Wednesday, April 22, 2009

Sea Wind on the White Pillow

New From Axes Mundi Press

a poems collection by

as reviewed by Karen Schoemer:

From afar, poets can seem a rarified breed, locating transcendance in an overturned leaf and the secrets of humanity in a riverbed’s glistening pebble, where the rest of us see, well, a leaf and a pebble. But in Irene Mitchell’s work, the common world and its uncommon dimensions both come beautifully into focus. The poems in her first collection, Sea Wind on the White Pillow, spring from small details: a runner on her daily route stops beneath a blue bridge; a couple pushes off downstream in a canoe; a swimmer ignores a lifeguard’s whistle and plunges with a “mighty trudgen crawl” into open waters. But from these minor moments, magnificent meanings unspool. The runner’s past looms up, uninvited; the couple’s river journey spans marital decades, taking them from adventurousness to complacency; the swimmer finds herself overpowered by an undertow, reeled back toward shore by the tide’s invincible pull and forced to confront her own limitations. Mitchell’s language is eloquent and erudite, yet unexpectedly playful. “Don’t get colloquial with me, kiddo!” barks a passenger on a cruise ship when a member of the wait staff becomes overly friendly. Her cadences, though steeped in classicists from Homer to Donne to Eliot, maintain a conversational freshness. In “Gazing with Galileo,” the collection’s masterwork, Mitchell suggests that all of us, poets and nonpoets alike, have the capacity to be children of greatness, “daughters/so mindful/of the fluid kick that connects us to the divine.” We can all taste and touch the physical world; Mitchell’s revelation is that the spiritual and metaphysical worlds lurk just beyond it, and we can encounter them as well if we allow ourselves the opportunity.

Karen Schoemer

Thursday, April 9, 2009

America’s Masters Look Eastward, and Attention Must Be Paid

If you are big on boundaries and separation, then stay home and lock your door. But if you defy them and embrace discovery and fluidity in all forms, then repair immediately to the Guggenheim where, for the next week at least, you will see borders melt and continents merge in the amazing show called “The Third Mind: American Artists Contemplate Asia.” American masters from Whistler to Warhol and just about everyone in between, are represented in this show, with a sincerity that goes far beyond the assemblage of art. The show depicts not Asia itself, but the myriad reflections on Asia as manifest by the brush, the pen, the canvas, the camera, or the carving tools of America’s greats. A walk through this show makes viewers richer with each step, each glance, each ponderance that bathes us in Asian influence interpreted variously and vehemently. Each canvas bears attention and study. Those artists, let’s call them the usual suspects, are anything but usual here because they managed to escape from the grid into a rapturous free float of color and texture. And some places will beckon the audience longer, with larger-than-life schema like the James Lee Byars extravaganza entitled “The Death of James Lee Byars.” (He did actually die—in 1997—but this work has the effect of negating that fact…as surely Byars can be imagined floating over his masterwork with his colleagues in concert.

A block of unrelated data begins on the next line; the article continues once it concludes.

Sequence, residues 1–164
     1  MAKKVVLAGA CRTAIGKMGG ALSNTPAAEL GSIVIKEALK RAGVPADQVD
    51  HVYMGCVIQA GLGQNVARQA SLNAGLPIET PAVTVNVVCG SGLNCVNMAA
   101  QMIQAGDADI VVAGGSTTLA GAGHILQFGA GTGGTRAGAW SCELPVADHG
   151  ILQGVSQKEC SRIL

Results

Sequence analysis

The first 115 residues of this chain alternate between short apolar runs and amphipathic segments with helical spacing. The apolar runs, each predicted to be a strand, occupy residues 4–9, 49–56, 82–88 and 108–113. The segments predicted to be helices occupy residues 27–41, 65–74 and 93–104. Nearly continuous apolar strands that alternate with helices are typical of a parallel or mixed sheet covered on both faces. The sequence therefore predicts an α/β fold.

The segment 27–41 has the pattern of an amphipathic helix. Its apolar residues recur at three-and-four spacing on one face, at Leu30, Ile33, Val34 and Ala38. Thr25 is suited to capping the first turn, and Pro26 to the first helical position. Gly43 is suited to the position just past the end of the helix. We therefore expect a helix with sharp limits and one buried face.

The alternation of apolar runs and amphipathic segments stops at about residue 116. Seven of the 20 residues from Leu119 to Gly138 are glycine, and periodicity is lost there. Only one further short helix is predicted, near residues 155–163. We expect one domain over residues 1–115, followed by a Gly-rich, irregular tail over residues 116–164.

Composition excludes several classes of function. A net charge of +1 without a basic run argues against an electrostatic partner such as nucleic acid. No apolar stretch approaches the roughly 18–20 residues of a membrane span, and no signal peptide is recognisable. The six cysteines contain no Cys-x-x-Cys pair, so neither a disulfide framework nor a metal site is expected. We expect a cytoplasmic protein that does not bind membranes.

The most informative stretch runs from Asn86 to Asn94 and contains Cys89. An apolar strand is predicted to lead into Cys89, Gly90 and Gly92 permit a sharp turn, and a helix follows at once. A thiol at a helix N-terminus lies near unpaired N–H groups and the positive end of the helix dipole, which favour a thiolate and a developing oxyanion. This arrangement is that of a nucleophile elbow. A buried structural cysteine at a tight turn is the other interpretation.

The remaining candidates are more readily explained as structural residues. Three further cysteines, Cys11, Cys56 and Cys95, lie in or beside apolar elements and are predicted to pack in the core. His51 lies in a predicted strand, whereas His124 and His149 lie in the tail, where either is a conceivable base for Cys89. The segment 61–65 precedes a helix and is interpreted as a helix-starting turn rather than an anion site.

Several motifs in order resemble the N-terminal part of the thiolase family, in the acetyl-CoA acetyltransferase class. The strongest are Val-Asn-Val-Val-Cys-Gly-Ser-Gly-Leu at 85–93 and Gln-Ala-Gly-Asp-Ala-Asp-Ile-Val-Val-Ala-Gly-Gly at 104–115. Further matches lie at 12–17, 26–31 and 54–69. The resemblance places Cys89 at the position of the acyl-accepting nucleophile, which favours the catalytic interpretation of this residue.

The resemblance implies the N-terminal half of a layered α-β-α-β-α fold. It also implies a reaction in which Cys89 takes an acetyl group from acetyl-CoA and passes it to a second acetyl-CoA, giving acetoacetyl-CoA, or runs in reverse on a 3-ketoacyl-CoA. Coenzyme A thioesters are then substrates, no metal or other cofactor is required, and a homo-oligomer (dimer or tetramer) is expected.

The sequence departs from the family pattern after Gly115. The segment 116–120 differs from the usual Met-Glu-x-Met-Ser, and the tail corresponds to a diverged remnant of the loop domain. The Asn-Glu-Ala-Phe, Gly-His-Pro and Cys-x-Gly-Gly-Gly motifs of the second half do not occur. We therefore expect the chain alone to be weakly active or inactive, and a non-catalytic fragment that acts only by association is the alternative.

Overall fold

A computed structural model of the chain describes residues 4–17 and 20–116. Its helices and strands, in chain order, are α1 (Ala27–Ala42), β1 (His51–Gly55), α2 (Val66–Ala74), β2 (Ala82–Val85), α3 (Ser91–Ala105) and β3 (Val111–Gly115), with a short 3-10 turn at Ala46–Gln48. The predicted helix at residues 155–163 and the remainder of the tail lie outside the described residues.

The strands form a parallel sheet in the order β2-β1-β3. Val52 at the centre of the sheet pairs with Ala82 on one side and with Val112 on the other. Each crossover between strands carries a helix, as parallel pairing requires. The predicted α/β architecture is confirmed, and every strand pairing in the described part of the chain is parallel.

The interesting phenomenon is that this show is really as much an exhibition of philosophy as it is of art. The subtle and not-so-subtle nuance of Asia that imbues every work says something about the melting away of ethnocentrism that is the often the hallmark of an emerging artist. Once emerged, and fully formed, true artists move outside themselves and begin to explore their world and become undefinable as one ethnicity or race, but rather become spiritual in the deepest sense. Could there be a more apt description of a true artist? That exploration transforms into a psychic growth spurt that punctuates every artistic enunciation with something beyond the ordinary. To find out what that something is, get to the Guggenheim, set aside several hours, and at the end, you will have the equivalent of a university level course that might be entitled “Asia Imbues America 101.”

There are seven sections in the exhibit, that take viewers through modern abstract art, minimalism, conceptualism, and abstract expressionism. The pieces, viewed individually, may appear as non-sequiturs, but retrospectively they flow. Each corner brings delight as one familiar name after another is in evidence, and one color after another merges under the Asian influence. Every medium is used, including melting ice….The sound icebergs melting to be exact…that complements the rest of the show as much as the beautiful, whimsical site-installation by Ann Hamilton "Human Carriage," which informs the entire show with an insouciant gaiety and a musical accompaniment. Hamilton’s piece is one that really cannot be described; it must be seen…and even then, it can’t be described…it must be stored away in memory and taken out when days weigh too heavily.

More than just art, this show is an experience--an unprecedented experience in bringing art and artists together in a unified theme, and then highlighting what makes them splendidly similar, yet elegantly unique.

If you only see one show this year, make it this one.

Sophie Calle: Prenez Soin de Vois

Sophie Call's "Prenez Soin de Vois" (Take Care of Yourself) made its New York appearance at Paula Cooper, where the exhibition opened on April 9. The exhibition was shown in 2007 at the Venice Biennale.

A few photos from the opening...